DOT digs into decay under I-40
Posted October 30, 2013
Updated October 31, 2013
Raleigh, N.C. — The Department of Transportation's three-year, 11.5 mile, $130 million Fortify project won't result in more travel lanes on Interstate 40 south of downtown Raleigh. Instead of an expansion, it's a replacement, a reinforcement of pavement – some of it more than 20 years old – that is cracking and crumbling due to a chemical reaction happening underneath the road.
"It is crumbling, and as road pressure goes on the top portion, it is crumbling in," said DOT spokesman Steve Abbott.
Before the upgrade began, workers drilled into the roadbed, extracting cores that show the extent of the problem. "It is not solid in some places. It is crumbling in some places," Abbott said.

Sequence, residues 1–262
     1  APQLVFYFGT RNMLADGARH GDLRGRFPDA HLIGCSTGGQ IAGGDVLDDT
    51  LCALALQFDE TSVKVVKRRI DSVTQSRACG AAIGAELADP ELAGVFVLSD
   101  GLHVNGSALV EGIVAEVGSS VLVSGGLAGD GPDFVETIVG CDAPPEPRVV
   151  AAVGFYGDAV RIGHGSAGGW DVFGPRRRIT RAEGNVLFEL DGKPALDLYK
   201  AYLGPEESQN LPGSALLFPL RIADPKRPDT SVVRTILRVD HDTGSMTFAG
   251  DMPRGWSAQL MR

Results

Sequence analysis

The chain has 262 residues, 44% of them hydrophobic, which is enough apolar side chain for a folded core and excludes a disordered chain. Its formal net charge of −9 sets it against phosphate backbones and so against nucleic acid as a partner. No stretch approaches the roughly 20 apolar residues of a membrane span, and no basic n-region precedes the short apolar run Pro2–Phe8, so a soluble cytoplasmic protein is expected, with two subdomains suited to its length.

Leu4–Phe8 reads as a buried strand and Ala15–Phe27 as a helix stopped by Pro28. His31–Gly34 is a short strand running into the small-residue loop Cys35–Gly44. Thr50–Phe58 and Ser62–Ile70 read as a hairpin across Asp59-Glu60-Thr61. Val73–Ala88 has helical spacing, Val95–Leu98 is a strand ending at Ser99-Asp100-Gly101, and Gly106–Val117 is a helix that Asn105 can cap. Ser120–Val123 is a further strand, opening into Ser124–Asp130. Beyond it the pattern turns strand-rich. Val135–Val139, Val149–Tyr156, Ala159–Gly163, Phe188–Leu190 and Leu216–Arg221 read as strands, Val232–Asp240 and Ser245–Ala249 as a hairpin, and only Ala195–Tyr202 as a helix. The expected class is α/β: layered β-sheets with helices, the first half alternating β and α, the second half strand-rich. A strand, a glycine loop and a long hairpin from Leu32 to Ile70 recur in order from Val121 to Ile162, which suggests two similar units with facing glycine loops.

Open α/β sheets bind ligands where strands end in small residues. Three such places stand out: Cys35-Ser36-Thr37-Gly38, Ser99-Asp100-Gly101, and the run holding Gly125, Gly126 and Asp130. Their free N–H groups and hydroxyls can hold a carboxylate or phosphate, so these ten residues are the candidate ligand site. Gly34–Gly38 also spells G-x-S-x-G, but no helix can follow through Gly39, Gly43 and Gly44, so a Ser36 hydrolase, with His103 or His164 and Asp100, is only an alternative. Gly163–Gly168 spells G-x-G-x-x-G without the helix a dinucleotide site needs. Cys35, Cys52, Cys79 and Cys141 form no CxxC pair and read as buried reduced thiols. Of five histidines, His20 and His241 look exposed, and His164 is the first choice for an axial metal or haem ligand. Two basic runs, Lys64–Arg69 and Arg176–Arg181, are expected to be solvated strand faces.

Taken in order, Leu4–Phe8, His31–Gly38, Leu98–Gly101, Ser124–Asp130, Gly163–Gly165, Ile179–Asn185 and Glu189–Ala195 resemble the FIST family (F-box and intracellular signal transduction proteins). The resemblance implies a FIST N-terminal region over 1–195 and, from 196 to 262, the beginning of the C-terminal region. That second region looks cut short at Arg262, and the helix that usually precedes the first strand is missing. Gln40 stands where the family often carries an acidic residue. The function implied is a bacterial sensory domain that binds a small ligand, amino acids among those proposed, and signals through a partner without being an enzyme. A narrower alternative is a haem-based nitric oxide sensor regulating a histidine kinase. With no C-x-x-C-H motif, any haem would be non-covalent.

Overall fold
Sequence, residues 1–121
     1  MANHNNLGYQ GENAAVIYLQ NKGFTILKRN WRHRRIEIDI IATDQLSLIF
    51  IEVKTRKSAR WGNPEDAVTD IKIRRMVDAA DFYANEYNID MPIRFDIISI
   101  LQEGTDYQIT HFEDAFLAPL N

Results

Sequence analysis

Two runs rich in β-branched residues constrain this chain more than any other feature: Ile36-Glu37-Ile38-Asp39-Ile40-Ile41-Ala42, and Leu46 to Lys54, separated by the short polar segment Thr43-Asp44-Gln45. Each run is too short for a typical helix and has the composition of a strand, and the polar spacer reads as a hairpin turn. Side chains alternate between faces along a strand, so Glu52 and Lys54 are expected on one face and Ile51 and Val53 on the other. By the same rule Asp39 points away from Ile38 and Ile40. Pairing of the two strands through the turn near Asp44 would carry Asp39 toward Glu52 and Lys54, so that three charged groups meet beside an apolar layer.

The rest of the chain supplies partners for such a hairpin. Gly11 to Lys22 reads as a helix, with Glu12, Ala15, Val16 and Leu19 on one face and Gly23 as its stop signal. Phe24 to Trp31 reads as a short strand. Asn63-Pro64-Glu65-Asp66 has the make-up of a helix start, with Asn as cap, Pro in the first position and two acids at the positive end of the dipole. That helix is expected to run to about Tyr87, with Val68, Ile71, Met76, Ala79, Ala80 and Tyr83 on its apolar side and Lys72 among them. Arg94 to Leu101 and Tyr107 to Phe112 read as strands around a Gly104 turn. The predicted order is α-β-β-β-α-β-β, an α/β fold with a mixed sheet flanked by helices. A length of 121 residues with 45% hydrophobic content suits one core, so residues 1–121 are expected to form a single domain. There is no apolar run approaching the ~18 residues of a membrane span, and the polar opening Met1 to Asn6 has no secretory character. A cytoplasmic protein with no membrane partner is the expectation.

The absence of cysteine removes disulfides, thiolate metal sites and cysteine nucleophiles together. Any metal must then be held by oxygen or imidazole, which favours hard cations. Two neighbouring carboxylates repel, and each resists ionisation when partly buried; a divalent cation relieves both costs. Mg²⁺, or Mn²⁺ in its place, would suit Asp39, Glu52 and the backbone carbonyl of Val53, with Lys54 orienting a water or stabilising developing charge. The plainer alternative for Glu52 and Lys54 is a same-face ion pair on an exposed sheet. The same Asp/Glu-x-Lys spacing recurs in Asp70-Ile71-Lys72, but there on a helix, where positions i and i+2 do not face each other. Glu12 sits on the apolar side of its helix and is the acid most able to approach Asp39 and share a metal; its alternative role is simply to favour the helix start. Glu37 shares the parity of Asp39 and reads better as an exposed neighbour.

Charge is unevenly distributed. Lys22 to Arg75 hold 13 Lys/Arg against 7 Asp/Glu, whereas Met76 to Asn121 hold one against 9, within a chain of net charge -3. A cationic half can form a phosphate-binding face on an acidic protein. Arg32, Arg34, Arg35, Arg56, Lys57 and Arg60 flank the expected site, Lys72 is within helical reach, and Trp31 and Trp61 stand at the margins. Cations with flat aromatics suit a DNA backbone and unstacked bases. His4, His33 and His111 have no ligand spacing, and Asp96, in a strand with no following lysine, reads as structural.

The core samples showed a dark top layer – the road surface – and, underneath, the result of a chemical reaction where water had seeped into the mixture of cement and other materials.
Years after the road was built, DOT officials learned that chemicals in some of those ingredients reacted poorly with one another.
"They now know: Don't pair this with this because it is going to go bad," Abbott said.
It's not a phenomenon unique to Raleigh. "Airports and roads all over the place, it was the same thing," he said.
The Fortify project will require that all the crumbling old mixture be dug up, stripped away and replaced. Workers continued taking core samples through the week of Oct. 28 to determine how deep the road is and predict how hard their project will ultimately be.
In addition to replacing the highway, crews will extend two miles of auxiliary lanes to help manage additional traffic and fix 14 bridges in the construction zone.
The contractor, Granite Construction Company, will begin daytime work in early December along the 2.5-mile section of Interstate 440 between I-40 and the U.S. Highway 64/264 interchange.